The Zombie Emergency Relief Organization dedicates this space to one special child each Wednesday to help people look past the zombie form and see the child within. None of our zombie kids asked to be zombified. In most cases they were bit by those they loved the most, fathers, mothers, brothers, and sisters, who succumbed to the disease and then spread it. Others were the victims of contamination at Cratchit Nutraceuticals, a company that made pituitary-derived human growth hormone. Seeking only to be as tall as their classmates, their hopes were dashed when they became flesh-eating monsters.
The second wave of zombies, those bitten by siblings, include remarkably few infants and toddlers. Strange, in that infants and toddlers are less able to escape when attacked and they have over-sized heads, presumably making them a more attractive zombie target. For some reason, though, the number of surviving zombie toddlers is miniscule. In fact, Luigi is the only toddler at our facility.
Luigi, our best guess puts him at eighteen months, was left at a Safe Haven drop off site at a local firehouse. Imagine the surprise of the firefighters, when they returned from fighting a 5 alarm fire and found a 3 foot tall, 30 pound infant flailing about in a large, duct-taped box. Actually, the firefighters were first surprised to find a large, reinforced box blocking their doorway. They were startled when it began to rock back and forth and they realized something was inside. They were shocked when they opened it and saw the child, a small bucket of frogs next to him. The squirming legs of a frog dangled from his cupid bow lips.
Luckily, one of the firemen had seen a news report on our organization and he convinced his coworkers to turn the child over to us, instead of using a fire ax on him. We’ve had several confirmed reports of Safe Haven sites executing zombie children dropped on their doorstep.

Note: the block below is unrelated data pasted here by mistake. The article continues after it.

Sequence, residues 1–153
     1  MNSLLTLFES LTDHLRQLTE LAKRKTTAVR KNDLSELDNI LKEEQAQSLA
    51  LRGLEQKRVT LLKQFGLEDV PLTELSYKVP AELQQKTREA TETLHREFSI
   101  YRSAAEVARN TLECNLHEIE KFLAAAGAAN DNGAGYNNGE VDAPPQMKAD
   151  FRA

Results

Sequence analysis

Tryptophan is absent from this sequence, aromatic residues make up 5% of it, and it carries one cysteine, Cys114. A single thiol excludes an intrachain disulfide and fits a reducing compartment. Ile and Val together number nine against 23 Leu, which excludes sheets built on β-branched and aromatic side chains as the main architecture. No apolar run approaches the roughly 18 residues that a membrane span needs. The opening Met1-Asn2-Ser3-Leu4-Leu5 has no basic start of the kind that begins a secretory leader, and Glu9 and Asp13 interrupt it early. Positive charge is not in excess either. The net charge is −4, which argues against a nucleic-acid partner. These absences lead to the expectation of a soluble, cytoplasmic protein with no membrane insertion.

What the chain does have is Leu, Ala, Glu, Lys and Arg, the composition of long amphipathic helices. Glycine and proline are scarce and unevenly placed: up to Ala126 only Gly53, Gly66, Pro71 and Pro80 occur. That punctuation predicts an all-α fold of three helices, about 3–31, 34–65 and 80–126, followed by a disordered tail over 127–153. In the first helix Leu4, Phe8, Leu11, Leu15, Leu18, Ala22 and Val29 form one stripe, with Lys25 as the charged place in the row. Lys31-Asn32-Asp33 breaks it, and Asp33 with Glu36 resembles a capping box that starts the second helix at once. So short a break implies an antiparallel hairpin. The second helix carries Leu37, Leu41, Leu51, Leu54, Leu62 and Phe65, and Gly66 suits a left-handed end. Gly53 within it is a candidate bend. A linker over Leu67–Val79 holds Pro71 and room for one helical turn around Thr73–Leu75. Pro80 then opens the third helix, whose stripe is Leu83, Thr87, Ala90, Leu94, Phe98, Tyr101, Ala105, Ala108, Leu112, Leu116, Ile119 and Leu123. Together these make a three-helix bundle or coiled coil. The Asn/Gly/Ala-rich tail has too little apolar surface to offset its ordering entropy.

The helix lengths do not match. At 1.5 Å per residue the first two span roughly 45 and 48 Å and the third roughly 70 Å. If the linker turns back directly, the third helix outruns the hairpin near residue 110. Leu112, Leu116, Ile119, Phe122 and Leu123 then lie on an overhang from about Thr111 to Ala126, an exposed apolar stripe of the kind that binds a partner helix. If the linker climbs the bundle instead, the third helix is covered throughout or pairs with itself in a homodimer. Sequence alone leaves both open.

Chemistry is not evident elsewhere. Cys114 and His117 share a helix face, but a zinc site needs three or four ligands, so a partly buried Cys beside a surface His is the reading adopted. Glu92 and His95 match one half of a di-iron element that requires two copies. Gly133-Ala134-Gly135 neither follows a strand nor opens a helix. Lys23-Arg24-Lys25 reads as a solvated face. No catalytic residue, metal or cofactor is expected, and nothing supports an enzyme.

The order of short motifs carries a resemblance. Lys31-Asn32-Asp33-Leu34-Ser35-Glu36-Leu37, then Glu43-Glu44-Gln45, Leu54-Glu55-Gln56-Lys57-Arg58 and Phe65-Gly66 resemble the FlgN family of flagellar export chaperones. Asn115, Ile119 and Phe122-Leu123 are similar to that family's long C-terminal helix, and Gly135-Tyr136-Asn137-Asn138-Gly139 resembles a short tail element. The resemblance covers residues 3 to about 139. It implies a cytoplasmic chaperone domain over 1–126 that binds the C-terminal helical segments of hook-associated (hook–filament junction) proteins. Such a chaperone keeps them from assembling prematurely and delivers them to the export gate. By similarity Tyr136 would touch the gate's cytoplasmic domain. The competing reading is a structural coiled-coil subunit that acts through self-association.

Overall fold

We wish we could say we’ve successfully acclimated Luigi to our facility, but we feel compelled to share the truth about our charges. Raising a zombie toddler is hard work. Luigi has not developed past the mental capacity of an 18 month old and that means he’s permanently stuck in the terrible twos. He can be stubborn. Sometimes it takes three of our staff members to safely remove him from the common area when it is time for bed and he wants to stay up late. There is no sharing in his world and he covets every shiny thing he sees. When denied, he melts down into temper tantrums. Though hitting and biting is expected at his age, the transmission potential of zombie virus is high. Our staff members must wear full padding and face masks whenever they are within hand or mouth reach of Luigi.
Normal toddler coping behaviors, such as thumb-sucking or hair twirling, aren’t possible due to Luigi’s chronic decomposition. This leads to increased tantrums and physical acting out. Working with Luigi is a high stress job, as nerve-racking as working for a bomb disposal unit. It’s also as dangerous.
Imagine the destructive nature of a toddler with a deadly bite and you can understand the reasons we treat Luigi as we do. Luigi is denied hugs and other physical signs of affection. He isn’t allowed to participate in group activities. Our physicians don’t believe he will ever grow past this stage, physically or emotionally. Though we try to give him as normal life as we can, we realize many would find his isolation and treatment barbaric. All we can do is try to keep everyone safe.
On that somber note, we remind you that we feed the zombie children so you won’t have to.
Zombie Emergency Relief Organization